Mark Sutherland

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Mark Sutherland’s creation is an anti establishment big wave charger who has survived the last decade in the jungle only to recently reappear in a new publication.

Can you tell us a bit about how you ended up living on the Mid North Coast?

We moved up here about fifteen years ago, from the South Coast. The house we had down there was already too small and my wife, Rose, was expecting another child, so we looked around for somewhere we could have more room but still be near the beach. The price for real estate down there had gone crazy, but the North Coast was still pretty affordable. And the warmer weather is pretty good, too.

Where did the inspiration for Gonad Man come from? 

I was working for Tracks magazine, writing and doing illustrations, and Andrew Kidman, the editor of Waves magazine, had the idea of starting a comic strip. Waves and Tracks were published by the same company. Andrew already had the title worked out, and conceived him as a sort of super hero. I decided he should be more human; that he should have flaws and be a normal person, basically – just one who could surf really well. The main inspiration came from watching Gilligan’s Island as a kid; it provided me with a context that was already established, but which wasn’t real. This allowed me to invent scenarios and play around with it as much as I wanted.

What is it about?

It’s really about the difference between the fantasies that surfers like to entertain about themselves and the reality of being a human being in the modern world. Waves’ readership was mostly teenage boys. Teenage boys are frustrated in almost every way – they’re not kids, but they’re not men, so they dream a lot about being the sort of man they imagine they’d like to be: fearless, uncompromising, sexually prolific and wildly talented. Gonad Man is all those things, but he still has all sorts of problems stemming from those behavioural traits. That’s what I wanted to show, I guess; that there’s no getting away from yourself, no matter how fearless or talented you might be. It’s heavily autobiographical, of course (insert canned laughter).

When and where did he first appear in print?

He first appeared in print in 1993, in Waves, and ran for about six years.

Gonad Man has been published across several mediums; can you talk about that journey and how it has helped him has survive?

Well, he’s really only appeared in the magazine, and in a couple of books of Collected Adventures that we’ve put out over the years. I have copies of that, too. There was a brief foray into animation, at one stage. I was working with a TV company in the late ’90s to try to develop the comic into a cartoon, but it never quite came off. That’s the one that got away; that would have made me rich.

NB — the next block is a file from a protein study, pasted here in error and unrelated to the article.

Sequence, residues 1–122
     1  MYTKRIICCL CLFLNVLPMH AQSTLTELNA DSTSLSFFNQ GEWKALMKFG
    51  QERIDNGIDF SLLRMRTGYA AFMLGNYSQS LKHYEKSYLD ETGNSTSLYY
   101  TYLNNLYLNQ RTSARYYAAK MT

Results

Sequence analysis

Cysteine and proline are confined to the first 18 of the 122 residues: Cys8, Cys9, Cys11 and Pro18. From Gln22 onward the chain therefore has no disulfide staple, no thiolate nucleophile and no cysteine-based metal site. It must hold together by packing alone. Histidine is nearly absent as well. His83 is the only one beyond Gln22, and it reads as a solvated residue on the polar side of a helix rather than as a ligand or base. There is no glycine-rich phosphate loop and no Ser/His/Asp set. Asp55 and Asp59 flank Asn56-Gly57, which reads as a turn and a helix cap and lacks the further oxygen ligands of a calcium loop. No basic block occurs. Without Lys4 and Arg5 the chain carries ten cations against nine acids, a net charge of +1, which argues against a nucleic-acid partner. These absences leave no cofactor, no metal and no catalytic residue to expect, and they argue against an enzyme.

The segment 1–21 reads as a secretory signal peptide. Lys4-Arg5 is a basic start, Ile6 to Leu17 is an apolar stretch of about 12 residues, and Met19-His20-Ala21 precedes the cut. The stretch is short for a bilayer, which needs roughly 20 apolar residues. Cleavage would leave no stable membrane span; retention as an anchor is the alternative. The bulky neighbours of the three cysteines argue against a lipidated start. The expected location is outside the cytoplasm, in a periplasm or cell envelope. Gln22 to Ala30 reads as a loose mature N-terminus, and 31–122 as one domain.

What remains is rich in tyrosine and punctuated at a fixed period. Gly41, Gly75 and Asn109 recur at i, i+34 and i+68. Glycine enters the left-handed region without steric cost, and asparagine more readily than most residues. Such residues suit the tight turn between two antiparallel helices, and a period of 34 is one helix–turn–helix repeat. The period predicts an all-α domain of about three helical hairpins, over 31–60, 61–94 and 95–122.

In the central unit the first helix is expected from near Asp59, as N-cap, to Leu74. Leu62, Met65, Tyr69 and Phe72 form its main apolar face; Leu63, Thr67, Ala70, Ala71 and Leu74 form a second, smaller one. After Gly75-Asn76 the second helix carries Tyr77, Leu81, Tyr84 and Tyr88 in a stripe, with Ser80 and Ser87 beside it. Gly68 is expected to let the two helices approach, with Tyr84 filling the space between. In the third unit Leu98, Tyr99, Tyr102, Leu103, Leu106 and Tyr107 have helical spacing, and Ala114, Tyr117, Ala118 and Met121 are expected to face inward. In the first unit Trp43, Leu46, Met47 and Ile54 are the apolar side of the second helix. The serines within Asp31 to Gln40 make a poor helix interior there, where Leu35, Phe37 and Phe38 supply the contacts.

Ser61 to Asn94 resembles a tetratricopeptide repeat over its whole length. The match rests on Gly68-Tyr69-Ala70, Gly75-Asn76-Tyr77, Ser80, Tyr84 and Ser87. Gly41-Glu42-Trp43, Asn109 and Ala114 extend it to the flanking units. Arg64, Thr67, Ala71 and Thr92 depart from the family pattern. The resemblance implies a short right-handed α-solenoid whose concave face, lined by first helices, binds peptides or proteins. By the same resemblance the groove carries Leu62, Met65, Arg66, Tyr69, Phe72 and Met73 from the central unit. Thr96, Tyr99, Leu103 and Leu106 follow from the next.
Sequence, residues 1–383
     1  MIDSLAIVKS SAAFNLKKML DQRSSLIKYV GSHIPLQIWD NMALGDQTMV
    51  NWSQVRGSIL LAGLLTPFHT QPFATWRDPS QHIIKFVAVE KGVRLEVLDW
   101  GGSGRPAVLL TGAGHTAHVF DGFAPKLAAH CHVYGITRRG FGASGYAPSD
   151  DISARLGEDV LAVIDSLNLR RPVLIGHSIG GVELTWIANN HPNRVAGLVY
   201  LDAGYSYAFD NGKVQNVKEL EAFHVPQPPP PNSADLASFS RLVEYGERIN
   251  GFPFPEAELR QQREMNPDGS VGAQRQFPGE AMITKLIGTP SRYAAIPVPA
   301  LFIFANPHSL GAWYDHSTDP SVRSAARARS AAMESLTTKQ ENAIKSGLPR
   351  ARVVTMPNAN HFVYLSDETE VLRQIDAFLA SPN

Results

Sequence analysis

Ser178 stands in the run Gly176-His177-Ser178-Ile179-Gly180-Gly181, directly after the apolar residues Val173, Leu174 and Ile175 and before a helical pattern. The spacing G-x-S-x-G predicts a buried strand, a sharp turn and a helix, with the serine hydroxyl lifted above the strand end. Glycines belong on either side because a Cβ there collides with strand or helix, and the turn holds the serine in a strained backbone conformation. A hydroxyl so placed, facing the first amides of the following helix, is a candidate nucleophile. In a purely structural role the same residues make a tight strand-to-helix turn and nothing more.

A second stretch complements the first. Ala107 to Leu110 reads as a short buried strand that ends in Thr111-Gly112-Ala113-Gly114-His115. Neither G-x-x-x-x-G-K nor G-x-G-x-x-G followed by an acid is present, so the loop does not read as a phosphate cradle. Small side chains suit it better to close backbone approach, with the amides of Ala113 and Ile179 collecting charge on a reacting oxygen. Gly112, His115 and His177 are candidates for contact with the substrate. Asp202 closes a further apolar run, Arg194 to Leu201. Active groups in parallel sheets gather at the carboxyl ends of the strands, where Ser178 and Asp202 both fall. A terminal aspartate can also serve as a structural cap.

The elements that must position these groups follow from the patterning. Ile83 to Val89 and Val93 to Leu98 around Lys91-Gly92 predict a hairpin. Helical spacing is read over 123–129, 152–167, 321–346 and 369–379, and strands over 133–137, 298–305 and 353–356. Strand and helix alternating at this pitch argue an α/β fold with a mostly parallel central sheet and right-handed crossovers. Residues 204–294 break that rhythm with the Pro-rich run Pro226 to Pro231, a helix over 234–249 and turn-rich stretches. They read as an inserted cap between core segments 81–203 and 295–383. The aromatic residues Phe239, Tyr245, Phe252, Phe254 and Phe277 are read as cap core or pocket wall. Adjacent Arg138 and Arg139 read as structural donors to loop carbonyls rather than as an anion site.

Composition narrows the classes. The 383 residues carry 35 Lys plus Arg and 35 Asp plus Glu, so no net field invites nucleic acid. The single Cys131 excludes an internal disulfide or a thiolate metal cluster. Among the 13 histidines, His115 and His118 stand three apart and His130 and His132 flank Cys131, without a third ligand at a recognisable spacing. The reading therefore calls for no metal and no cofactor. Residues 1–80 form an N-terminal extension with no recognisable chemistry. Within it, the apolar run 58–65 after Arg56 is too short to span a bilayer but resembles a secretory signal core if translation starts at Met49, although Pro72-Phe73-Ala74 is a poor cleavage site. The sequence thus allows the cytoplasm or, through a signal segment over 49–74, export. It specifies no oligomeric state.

In a world of digital production, you still hand draw your cartoons. Can you tell us a bit about that and your background and training?

Well, I trained as an animator, back in the early ’80s. I’d always loved drawing and was always torn between comics and fine art. I loved comics as a kid and drew them constantly. Then, as I got older, I became really interested in oil painting. When I left school, I started out wanting to be a painter but, after a couple of years, I realised I couldn’t draw well enough to be able to paint the things I wanted to paint.

My dad worked in advertising and got me a job in an animation studio, where we made TV commercials, mostly. I started out as an assistant animator, drawing fifty drawings a day; if they weren’t right, the boss would just toss them in the bin and tell me to do them again, which was probably the best lesson I ever learnt. After a couple of years, I’d become a lot better at drawing, so I quit to have another crack at painting.

I moved to Queensland with my girlfriend and won a few art competitions, and made a bit of money. But cartoons sort of called me back. I decided to make an animated short film; it was about surfing and the drug culture that I grew up in and was pretty well-received when it came out. It got shown at the Sydney Film Festival, but it didn’t make any money. I was back in Sydney, driving cabs for a living, and that’s when I started doing the odd illustration for Tracks.

Recently you released another instalment of his adventures; how long did this take to produce? 

When I stopped doing the comic in the magazine, in the late ’90s, I was drinking pretty heavily and not in a very good place. The comic just sort of fizzled out, and it became a cause for regret that I had let it come to that point. So a few years later, after I’d sobered up, I had an idea for a storyline. I wrote it out and it was really funny, so I decided to draw it up. I guess you could say it was an attempt at redemption, for myself as well as for the character. It took me seven years, in the finish.

It would probably be quicker to do it all on a computer, but I wouldn’t know where to start, even if I wanted to. It wouldn’t look the same. I like drawing, so using technology to sidestep the drawing process doesn’t make any sense to me. I would much rather sit at my desk with a pen in my hand than sit at a computer.

Where can people find out more?

They can go to my website and order the books. I also have a few books at the Comic Book store in Sawtell, Coastal Curves surf shop in Nambucca and the Nambucca newsagents. Also Yamba Revival, in Yamba.

Thanks Mark.

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